We mention podcasting in the following section of the ICT4LT website:
Section 3.5.2 of Module 2.3, Exploiting World Wide Web resources online and offlineThere is also an entry in the ICT4LT Glossary:http://www.ict4lt.org/en/en_glossary.htm
My personal view about podcasting in the context of language learning and teaching is broadly in line with the view expressed by one of the contributors to the above wiki, namely that it’s a very efficient way of making digital sound recordings and distributing them to learners and teachers, but that we also need to take another look at audio learning.
As I pointed out in the above wiki, in the end a podcast is just a recording. It's the delivery medium that makes it different. Recordings live or die according to (1) the quality of their content, (2) what you do with them.
Simply making podcasts available to language students is not effective per se. Thinking back to my days as a language centre director, we had a similar experience when satellite TV first became available. "Wow! What a great resource!" we thought. But students, left to their own devices, did not get a lot out of watching TV. So we introduced generic worksheets into the satellite TV viewing room. We had one for recordings of news broadcasts. It was just one sheet of A4, which the students filled in and handed in to language centre staff. On the sheet were a few simple tasks, such as:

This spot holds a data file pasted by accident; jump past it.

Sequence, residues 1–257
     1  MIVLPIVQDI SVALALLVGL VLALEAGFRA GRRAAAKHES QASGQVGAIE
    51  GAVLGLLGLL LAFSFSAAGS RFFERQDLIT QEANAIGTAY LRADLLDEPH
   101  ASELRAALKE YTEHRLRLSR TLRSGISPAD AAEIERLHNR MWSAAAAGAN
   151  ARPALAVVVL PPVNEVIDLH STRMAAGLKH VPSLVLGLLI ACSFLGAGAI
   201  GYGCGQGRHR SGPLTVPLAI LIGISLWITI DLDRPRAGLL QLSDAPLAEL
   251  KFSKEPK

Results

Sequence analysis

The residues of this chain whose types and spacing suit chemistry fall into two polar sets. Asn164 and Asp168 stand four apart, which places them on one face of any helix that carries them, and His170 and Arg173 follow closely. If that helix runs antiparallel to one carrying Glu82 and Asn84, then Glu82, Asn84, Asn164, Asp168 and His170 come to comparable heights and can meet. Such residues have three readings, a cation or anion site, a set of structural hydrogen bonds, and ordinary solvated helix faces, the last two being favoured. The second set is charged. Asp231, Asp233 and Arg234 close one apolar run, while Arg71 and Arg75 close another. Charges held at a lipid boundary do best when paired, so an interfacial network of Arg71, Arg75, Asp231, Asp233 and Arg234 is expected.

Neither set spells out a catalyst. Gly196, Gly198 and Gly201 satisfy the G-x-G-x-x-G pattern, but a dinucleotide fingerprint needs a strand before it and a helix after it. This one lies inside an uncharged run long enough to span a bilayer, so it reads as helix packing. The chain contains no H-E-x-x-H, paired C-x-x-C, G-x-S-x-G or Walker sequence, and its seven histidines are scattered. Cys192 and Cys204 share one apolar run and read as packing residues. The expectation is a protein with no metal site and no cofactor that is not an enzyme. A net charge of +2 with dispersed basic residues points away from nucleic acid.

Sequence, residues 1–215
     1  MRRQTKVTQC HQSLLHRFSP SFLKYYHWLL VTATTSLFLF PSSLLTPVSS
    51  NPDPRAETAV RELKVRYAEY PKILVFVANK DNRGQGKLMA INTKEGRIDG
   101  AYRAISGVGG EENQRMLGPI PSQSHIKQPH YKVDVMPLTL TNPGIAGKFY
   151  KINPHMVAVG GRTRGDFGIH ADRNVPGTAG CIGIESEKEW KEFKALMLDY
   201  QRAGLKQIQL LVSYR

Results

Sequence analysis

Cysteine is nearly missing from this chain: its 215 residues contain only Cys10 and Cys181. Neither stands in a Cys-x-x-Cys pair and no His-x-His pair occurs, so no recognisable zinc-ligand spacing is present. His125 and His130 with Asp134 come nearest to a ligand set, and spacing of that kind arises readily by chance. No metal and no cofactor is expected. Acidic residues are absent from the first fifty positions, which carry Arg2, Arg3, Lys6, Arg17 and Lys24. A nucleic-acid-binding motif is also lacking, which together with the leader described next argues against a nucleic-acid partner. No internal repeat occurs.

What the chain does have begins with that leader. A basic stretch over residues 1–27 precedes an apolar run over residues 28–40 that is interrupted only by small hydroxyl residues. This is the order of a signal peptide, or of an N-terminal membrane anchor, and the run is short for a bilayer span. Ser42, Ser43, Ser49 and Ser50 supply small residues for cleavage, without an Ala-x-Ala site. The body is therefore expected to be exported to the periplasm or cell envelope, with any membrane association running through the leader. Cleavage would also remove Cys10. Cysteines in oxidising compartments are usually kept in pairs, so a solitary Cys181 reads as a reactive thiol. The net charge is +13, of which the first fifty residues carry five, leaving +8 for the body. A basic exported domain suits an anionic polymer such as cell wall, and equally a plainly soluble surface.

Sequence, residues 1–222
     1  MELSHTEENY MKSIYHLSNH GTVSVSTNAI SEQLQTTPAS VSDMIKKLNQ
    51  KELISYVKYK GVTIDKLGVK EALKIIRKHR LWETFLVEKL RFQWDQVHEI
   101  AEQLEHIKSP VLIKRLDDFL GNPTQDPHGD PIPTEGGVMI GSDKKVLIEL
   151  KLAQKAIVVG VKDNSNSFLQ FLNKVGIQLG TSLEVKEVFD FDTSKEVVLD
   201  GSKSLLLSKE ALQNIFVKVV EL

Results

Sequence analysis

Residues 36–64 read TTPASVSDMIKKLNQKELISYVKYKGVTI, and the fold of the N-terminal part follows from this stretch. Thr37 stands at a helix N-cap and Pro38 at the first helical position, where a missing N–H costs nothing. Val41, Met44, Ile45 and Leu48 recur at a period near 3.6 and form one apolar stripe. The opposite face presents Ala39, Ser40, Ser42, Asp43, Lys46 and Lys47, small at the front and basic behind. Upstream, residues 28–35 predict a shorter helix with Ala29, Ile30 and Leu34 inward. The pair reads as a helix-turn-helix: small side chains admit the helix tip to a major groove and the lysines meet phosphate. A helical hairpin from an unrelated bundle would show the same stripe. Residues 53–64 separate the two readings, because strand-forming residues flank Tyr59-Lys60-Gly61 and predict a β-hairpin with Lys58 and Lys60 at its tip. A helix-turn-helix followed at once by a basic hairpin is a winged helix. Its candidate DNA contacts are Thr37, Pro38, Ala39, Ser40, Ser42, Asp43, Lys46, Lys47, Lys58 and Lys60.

- Write down the headlines of the main news items that you viewed in the broadcast.
- Write down 10 new words or phrases that you learned. (Students usually borrowed a dictionary from the language centre at the same time as they borrowed the video recording, so they could look up new words and phrases.)
- Write down a summary of the news item that interested you most and why.